Published in The New Physician, March 2005
(sidebar to “Babies on Board“)
If all goes according to plan, by this time in 2007, Meredith Hancock will have a 1-year-old child and will be nearing the end of her first year of medical school. For this to happen, Hancock must first complete the prerequisites she needs to apply to medical school, take the Medical College Admission Test next month, get pregnant sometime after that, get accepted, have her baby and start training in fall 2006.
If, if, if.
“That’s my hope,” says the Sacramento resident. “I’d like to stay home a little bit before I actually start school. But I know there’s no good time, so I’ll just have to take it as it comes.” Indeed. Hancock and her husband may have plans for a family, but her medical training is the only thing she has certain control over, assuming she’s accepted. Visit the online chat forums of the Student Doctor Network or MomMD.com on any given day, and you will be bombarded with the question: When is the best time to have kids?
And it’s one, most women say, that not even a soothsayer could pinpoint. That’s because no matter how controlling you may be, Mother Nature is in charge when it comes to having children.
Dr. Erin Harris, a second-year family practice resident at East Tennessee State University James H. Quillen College of Medicine, wanted to start a family with her husband soon after they were married following college. Instead, after struggling through several miscarriages in medical school, Harris conceived her first child just in time to waddle through her third-year clinical rotations.
“The right time just decided on us,” she says. But if you could hotwire nature, when should you have a child? “Third year of medical school is a hard time to have an infant,” says Dr. Julie Wonderling, an emergency medicine intern at Drexel University College of Medicine and a mother of two. “Second year is an easier time. But there are no perfect years. They’re always going to be difficult; there are always going to be extra challenges.” “The fourth year was definitely easier,” says Brooklyn pediatrician Rivka Stein, who had a child in her first and last years of medical school, plus one during residency. “I had a lot of vacation time. But the rotations were harder. Being pregnant and being in class is a lot different from being pregnant and doing surgery. And if you’re breastfeeding, pumping as a resident is very difficult.”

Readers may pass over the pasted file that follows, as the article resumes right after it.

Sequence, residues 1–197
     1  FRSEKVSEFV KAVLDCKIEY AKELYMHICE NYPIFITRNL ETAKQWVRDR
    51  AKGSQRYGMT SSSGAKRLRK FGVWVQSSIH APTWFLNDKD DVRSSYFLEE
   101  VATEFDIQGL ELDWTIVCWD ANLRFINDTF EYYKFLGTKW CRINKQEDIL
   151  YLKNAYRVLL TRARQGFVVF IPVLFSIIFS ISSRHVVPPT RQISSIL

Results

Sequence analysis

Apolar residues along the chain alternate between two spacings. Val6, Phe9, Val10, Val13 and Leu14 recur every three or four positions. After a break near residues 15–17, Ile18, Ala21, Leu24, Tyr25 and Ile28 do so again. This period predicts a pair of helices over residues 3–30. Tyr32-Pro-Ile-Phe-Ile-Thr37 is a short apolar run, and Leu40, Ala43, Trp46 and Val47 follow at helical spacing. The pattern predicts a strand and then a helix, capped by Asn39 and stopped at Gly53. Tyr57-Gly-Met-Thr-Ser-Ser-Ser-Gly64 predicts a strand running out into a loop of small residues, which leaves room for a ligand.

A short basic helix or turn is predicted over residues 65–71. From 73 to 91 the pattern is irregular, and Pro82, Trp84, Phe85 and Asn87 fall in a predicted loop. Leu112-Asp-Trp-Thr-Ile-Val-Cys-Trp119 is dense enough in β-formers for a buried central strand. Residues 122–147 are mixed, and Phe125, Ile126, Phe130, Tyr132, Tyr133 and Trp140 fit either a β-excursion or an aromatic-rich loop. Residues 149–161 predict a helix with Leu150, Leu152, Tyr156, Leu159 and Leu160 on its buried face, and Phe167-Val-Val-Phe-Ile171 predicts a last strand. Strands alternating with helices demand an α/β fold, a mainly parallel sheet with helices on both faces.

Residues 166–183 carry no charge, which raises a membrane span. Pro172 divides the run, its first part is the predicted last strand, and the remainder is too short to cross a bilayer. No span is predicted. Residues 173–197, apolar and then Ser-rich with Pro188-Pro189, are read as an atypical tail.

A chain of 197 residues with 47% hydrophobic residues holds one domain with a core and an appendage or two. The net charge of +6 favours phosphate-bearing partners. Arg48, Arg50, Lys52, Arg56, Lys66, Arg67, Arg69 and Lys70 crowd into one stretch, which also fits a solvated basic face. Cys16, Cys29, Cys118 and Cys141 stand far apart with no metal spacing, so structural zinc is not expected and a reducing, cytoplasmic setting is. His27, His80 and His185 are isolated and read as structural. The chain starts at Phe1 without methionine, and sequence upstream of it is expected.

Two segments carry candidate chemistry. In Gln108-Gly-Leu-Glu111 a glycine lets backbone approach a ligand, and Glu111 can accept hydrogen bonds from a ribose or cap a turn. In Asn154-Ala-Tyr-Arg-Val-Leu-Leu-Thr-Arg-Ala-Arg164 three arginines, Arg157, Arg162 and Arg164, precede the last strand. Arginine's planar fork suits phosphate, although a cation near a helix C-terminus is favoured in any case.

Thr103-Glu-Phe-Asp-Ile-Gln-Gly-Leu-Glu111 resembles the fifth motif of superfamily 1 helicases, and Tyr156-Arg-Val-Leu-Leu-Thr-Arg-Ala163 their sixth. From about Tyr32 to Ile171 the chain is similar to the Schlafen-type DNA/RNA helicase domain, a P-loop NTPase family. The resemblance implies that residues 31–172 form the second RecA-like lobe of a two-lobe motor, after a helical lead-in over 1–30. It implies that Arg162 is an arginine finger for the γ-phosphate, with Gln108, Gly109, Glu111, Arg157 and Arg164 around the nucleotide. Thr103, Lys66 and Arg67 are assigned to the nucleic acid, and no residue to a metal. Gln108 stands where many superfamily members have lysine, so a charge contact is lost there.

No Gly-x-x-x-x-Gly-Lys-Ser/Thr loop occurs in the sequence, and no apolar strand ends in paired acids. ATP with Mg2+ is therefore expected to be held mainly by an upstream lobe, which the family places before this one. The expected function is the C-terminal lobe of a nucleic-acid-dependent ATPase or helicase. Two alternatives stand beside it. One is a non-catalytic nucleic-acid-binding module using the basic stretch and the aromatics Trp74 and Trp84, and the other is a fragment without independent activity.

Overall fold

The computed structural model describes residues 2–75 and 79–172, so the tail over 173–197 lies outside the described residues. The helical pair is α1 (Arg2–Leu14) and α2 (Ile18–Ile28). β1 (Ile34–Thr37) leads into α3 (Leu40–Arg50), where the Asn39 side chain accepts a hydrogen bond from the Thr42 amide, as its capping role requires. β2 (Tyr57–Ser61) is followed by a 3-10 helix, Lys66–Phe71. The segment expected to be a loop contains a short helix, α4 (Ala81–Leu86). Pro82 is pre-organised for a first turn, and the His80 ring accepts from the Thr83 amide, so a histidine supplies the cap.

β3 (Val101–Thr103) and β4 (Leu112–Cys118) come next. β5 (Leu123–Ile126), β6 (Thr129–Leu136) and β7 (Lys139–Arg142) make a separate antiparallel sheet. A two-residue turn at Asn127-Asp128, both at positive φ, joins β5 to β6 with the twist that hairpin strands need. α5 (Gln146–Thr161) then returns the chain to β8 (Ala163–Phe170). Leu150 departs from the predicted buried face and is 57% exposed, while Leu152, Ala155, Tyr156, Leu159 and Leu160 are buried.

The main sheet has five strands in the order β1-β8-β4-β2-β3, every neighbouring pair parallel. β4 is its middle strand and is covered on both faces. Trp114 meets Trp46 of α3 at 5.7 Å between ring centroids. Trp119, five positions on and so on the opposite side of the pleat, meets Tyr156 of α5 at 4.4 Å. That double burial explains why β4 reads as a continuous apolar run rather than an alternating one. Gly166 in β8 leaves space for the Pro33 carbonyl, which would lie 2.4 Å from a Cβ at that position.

A MomMD survey taken last year showed that nearly one-third of respondents had their first child after residency and one-quarter during residency. “What frequently comes up, however, is that there is no exact right time,” says Sethina Edwards, founder of MomMD. “It just depends on where they are and what stage in training and life they’re at.”
Bottom line, Wonderling says: “If you wait for the best time to have a child, you will never have children.”
Copyright 2005 American Medical Student Association